WFP warns of “significant” increase in hunger in Port-au-Prince due to violence and economic crisis in Haiti

The World Food Program (WFP) has warned Tuesday of a “significant” increase in hunger in Haiti’s capital, Port-au-Prince, and other areas in the south of the country, where about half of the population is food insecure, due to increased violence by armed gangs and the deepening economic crisis.

The agency has highlighted that insecurity in and around the capital Port-au-Prince has worsened dramatically since early May, affecting supply chains and access to basic services such as markets, schools and hospitals.

“Large parts of the population have been cut off from the economic heart of the country. This comes at a time when Haiti is coping with the effects of COVID-19, recent natural disasters, high inflation and increased costs due to the conflict in Ukraine,” explained WFP Haiti Country Director Jean-Martin Bauer.

“We are seeing a significant increase in hunger in the capital and south of the country, with Port-au-Prince hit the hardest,” he lamented, according to a statement released by the agency.

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The violence is also causing a protection crisis and making it difficult for the population to obtain and afford food, amid rising inflation and food and fuel prices, against a backdrop of a global food crisis due to the coronavirus pandemic and the war in Ukraine.

In this regard, the WFP has highlighted that inflation in the country revolves around 26 percent and recalled that the country is “particularly vulnerable” to ‘shocks’ in international food and fuel markets, given that it imports 70 percent of its cereals.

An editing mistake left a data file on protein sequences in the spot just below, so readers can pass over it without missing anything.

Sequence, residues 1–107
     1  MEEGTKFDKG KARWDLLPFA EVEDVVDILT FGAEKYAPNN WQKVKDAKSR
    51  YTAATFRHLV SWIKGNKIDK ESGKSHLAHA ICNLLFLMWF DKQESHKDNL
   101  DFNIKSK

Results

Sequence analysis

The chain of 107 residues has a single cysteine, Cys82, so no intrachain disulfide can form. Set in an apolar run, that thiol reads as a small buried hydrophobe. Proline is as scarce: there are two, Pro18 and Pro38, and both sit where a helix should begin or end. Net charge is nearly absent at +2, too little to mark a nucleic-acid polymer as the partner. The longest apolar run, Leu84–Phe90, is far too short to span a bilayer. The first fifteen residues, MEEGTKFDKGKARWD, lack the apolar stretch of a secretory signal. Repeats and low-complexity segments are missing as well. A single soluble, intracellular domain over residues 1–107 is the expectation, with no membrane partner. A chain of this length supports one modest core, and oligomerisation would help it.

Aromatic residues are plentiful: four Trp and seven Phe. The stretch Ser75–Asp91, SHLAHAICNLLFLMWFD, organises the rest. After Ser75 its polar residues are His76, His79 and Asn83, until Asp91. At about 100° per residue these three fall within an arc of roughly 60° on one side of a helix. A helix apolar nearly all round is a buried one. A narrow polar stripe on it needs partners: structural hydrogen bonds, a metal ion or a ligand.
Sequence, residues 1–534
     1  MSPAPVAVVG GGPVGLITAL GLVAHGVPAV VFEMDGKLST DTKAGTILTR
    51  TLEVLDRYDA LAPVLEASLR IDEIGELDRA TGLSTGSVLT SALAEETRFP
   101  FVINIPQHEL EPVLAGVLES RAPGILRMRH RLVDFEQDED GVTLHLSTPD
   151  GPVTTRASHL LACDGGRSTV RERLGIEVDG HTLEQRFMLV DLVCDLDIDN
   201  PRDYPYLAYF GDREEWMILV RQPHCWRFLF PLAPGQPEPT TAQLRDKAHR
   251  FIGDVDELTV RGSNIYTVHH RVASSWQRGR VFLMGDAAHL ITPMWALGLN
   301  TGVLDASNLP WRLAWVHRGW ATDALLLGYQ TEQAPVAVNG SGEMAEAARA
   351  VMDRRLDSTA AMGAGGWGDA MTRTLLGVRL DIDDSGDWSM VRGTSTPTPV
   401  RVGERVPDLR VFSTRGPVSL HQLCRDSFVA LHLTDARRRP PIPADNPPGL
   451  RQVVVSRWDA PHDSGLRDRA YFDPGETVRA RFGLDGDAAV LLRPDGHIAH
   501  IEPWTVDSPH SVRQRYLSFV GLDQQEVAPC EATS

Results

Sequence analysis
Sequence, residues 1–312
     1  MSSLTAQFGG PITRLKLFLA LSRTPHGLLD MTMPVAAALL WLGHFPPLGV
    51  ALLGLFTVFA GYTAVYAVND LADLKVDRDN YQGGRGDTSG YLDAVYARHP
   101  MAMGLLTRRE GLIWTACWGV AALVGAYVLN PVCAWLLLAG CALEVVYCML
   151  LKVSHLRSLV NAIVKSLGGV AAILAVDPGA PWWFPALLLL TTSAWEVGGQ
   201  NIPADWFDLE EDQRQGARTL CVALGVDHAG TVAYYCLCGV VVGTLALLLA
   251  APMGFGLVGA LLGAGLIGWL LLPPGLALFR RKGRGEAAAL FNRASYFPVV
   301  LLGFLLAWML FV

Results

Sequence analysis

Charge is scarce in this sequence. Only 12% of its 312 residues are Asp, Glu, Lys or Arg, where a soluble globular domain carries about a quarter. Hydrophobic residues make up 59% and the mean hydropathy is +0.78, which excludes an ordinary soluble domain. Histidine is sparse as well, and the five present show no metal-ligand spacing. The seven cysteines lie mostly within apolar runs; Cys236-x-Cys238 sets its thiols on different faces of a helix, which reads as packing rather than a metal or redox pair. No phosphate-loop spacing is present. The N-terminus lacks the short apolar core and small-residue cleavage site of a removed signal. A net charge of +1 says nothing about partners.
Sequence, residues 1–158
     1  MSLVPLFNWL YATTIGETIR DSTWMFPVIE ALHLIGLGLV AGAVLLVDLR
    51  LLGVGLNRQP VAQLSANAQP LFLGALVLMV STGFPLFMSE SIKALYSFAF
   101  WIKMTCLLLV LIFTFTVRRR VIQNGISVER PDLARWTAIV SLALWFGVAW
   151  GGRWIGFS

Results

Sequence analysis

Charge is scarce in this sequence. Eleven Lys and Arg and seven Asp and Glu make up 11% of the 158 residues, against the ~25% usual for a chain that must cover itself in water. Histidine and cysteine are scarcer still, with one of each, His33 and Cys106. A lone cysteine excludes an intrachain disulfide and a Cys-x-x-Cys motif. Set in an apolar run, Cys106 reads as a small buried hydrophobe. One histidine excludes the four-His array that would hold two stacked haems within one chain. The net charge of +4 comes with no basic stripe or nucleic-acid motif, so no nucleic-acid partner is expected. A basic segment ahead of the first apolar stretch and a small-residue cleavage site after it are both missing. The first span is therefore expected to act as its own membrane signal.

Added to this, the upcoming hurricane season in the Atlantic Ocean is expected to be more active than normal, which could endanger the lives and livelihoods of vulnerable Haitians.

The security situation is also impacting humanitarian aid delivery operations, especially due to the blockade of the road leading to the southern peninsula for nearly a year, which has left some 3.8 million people living in the departments south of Port-au-Prince isolated.

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The outflow to the north from the capital has also recently been affected, so WFP is using sea routes as an alternative to deliver aid in the south and north of the country.

“The only safe option for aid workers to move is by air, but without adequate funding the United Nations Humanitarian Air Service (UNHAS) faces imminent closure at the end of July,” Bauer warned.

“Ultimately, this puts at risk not only WFP’s assistance, but humanitarian operations in the country,” he said. WFP makes a funding shortfall of $39 million (about 38.5 million euros) for its response over the next six months in Haiti.

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